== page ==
How many ants are on Earth? 20 quadrillion, study says

There are at least 20 quadrillion ants on Earth, according to a new study that says even that staggering figure likely underestimates the total population of the insects, which are an essential part of ecosystems around the ...

Competition limits the ranges of mountain birds

A new study helps reveal why tropical mountain birds occupy such narrow elevation ranges, a mystery that has puzzled scientists for centuries. While many assumed temperature was responsible for these limited distributions, ...

Birds are more colourful closer to the equator, study proves

When European naturalists traveled to the tropics in the 1800s, they postulated that birds became more colorful closer to the equator—a theory that scientists confirmed on Monday using artificial intelligence technology.

What bird beaks say about tropical biodiversity

Areas of the globe where fruit-eating birds have wider beaks also have larger palm fruits, a new study shows. This sounds banal, but it provides new insights into tropical biodiversity and clues for solving species conservation, ...

Benefits of cacao farms for birds and bats

Cacao farms not only provide us with the pleasure of chocolate, but also offer potential advantages for biodiversity-friendly agriculture. The benefits to biodiversity have been widely studied in tropical rainforests, but ...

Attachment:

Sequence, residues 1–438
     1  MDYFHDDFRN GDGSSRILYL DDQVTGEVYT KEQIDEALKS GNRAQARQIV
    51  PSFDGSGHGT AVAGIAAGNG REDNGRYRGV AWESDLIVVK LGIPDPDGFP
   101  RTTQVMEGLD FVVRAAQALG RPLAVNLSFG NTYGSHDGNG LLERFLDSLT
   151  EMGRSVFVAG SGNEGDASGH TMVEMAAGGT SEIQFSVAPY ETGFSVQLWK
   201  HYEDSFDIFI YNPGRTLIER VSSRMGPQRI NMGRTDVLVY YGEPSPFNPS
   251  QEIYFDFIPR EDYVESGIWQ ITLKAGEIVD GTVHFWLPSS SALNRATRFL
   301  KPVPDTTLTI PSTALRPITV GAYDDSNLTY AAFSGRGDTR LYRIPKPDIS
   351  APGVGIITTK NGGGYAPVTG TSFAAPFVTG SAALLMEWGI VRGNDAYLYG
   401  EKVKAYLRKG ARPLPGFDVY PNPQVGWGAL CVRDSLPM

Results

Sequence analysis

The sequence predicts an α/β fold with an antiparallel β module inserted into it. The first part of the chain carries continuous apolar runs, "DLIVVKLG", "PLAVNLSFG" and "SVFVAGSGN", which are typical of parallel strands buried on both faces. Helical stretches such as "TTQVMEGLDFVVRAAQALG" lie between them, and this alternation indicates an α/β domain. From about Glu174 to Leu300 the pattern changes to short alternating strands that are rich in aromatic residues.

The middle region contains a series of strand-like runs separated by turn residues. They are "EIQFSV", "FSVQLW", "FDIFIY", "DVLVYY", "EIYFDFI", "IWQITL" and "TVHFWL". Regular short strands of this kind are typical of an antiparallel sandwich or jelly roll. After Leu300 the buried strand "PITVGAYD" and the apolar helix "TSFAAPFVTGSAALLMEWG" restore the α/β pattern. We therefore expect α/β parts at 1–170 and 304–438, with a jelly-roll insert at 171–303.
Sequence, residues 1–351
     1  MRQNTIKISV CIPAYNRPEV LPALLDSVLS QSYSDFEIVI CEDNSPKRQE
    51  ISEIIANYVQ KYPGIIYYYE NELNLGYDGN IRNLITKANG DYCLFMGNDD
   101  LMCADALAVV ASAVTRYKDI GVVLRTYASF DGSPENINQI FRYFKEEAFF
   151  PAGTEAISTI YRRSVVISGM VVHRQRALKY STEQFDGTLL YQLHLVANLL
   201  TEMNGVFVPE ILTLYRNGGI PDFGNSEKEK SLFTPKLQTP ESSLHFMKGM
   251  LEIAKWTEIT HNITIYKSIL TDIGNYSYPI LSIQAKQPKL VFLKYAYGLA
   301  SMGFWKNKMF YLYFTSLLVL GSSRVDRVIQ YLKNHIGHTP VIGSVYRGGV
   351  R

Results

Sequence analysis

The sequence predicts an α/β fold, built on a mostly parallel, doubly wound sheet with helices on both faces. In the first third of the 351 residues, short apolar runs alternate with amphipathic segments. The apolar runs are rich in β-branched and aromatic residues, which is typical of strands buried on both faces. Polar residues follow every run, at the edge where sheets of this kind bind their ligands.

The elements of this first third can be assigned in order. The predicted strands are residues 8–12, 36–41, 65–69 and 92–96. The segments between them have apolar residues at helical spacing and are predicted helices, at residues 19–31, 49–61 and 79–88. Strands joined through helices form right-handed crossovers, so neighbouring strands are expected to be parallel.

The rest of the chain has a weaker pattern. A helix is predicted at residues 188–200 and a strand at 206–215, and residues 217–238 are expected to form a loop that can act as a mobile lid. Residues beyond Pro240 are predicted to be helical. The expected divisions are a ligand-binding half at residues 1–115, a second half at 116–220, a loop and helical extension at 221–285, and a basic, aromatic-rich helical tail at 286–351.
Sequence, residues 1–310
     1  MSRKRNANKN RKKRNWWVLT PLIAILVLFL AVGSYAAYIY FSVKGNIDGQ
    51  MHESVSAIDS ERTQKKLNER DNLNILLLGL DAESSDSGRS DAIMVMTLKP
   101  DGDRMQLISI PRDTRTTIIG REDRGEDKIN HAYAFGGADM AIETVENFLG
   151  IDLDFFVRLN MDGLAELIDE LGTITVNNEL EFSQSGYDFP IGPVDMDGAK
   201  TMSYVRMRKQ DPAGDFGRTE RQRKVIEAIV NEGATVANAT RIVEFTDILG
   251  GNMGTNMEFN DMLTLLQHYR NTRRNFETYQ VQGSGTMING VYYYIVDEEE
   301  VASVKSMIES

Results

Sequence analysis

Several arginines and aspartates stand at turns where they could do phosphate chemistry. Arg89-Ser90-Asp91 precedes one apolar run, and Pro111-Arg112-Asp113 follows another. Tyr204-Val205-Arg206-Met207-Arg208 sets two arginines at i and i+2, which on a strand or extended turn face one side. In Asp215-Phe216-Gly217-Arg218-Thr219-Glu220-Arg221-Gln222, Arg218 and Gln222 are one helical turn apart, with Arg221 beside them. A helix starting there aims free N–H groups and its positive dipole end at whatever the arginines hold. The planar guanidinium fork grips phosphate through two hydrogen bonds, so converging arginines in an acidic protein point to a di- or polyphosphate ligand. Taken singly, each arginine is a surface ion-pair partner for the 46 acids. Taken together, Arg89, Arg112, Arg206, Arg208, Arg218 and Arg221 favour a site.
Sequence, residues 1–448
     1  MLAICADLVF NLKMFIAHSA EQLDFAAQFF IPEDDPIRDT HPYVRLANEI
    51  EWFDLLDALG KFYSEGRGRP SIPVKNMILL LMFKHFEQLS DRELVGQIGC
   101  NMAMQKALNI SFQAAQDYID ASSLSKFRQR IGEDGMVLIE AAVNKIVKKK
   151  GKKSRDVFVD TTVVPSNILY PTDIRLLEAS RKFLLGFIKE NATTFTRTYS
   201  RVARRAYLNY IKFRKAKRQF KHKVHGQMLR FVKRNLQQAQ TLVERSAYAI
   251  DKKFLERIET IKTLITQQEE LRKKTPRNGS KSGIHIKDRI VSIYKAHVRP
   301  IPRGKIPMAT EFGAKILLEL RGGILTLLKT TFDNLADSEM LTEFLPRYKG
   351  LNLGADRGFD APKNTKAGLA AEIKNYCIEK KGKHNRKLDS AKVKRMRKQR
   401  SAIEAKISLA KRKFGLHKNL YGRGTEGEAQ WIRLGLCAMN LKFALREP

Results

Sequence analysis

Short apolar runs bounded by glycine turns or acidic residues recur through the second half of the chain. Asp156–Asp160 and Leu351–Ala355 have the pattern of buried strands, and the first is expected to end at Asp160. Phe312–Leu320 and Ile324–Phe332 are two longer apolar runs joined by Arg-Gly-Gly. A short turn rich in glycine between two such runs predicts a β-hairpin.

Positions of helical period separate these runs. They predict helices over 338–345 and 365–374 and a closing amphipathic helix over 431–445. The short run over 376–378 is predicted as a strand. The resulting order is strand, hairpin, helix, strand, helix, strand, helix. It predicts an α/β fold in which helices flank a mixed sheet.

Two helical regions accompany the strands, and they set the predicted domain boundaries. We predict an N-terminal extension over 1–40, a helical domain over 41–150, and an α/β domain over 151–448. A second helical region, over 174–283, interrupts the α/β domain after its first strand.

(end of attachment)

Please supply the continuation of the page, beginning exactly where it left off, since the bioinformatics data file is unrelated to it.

Bird communities threatened by urbanization

Urbanization is one of the most drastic forms of land-use change, and its negative consequences on biodiversity have been studied extensively in temperate countries such as Germany. However, less research has been conducted ...

Warming climate slows tropical birds' population growth rates

The mountain forests of Tanzania are more than 9,300 miles away from Salt Lake City, Utah. But, as in eastern Africa, the wild places of Utah depend on a diversity of birds to spread seeds, eat pests and clean up carrion. ...

In a warming climate, can birds take the heat?

We don't know precisely how hot things will get as climate change marches on, but there's reason to believe animals in the tropics may not fare as well as their temperate relatives. Many scientists think tropical animals, ...

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